Information security in general practice

Securing your network and equipment

Protecting and maintaining your physical hardware

        1. Protecting and maintaining your physical hardware

Last revised: 21 Apr 2023

Protecting and maintaining your physical hardware

There are several ways to ensure your practice’s physical hardware is maintained and protected.

Tips for protecting your physical hardware

  • All computers should be kept reasonably dust free, especially over the intakes for the cooling fans.
  • Be familiar with the operating temperature limits of your servers, as overheating is one of the major causes of server failure.
  • Server room temperatures should be regularly monitored, and dedicated air conditioning installed if required. You should consider installing a thermometer in the server room.
  • Take extra precautions over the summer months – run air-conditioning overnight on hot days or install ceiling suction fans.
  • Always follow vendor guidelines, and seek professional advice from your technical service provider.
  • Ensure your technical service provider assesses the ‘computer heartbeat’. This is a signal occurring at regular intervals to indicate a computer is working correctly, or synchronised with other parts of the system. If the heartbeat is not available, an error may have occurred. ​

Create a policy: Hardware maintenance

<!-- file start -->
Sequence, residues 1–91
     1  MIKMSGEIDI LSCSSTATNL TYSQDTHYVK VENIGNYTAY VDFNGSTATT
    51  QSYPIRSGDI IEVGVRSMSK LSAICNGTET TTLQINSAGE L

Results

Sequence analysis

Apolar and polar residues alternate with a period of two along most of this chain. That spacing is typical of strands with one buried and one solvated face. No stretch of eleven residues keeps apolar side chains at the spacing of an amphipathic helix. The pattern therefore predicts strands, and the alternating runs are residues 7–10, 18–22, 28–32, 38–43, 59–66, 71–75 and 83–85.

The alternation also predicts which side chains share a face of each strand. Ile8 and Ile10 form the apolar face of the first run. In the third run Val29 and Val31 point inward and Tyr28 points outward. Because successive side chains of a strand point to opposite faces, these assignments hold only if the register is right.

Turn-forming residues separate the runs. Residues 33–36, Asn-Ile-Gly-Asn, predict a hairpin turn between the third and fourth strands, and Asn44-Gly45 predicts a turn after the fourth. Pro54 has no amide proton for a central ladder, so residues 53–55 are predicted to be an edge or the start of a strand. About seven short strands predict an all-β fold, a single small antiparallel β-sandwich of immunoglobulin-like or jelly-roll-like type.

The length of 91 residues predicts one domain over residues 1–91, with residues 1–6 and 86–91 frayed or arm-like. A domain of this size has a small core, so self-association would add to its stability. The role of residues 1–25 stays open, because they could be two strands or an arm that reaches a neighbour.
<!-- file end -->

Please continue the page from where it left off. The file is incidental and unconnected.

Your practice policy and procedures should include hardware and physical maintenance.

Your policy should confirm the requirement for:

  • all system maintenance performed by your practice team or technical service provider to be documented
  • regular hardware maintenance to be undertaken. This may include:
    • checking battery life on the UPS
    • preventive maintenance
    • planned upgrades
    • monitoring server room temperatures regularly​

Create a policy: Physical protection

Your practice policy and procedures should include physical network and hardware protection.

Your policy should cover:

  • how all removable computer equipment is secured from theft or damage
  • the physical location of your server to ensure it is secured with limited and controlled access
  • how the server is identified so practice team members know which computer is the server
  • how software disks and backup media are physically protected
  • how computer monitors are positioned in open-access areas to prevent unintentional viewing of information
  • appropriate use of screensavers
  •  your clear screen policy
  • your clear desk policy
  • appropriate paper document management
  • the secure disposal of hardware
  • how to delete all data on devices
  • How and when to perform a routine clean around the back of computers and other equipment
  • Controlling environmental conditions (e.g. extreme heat)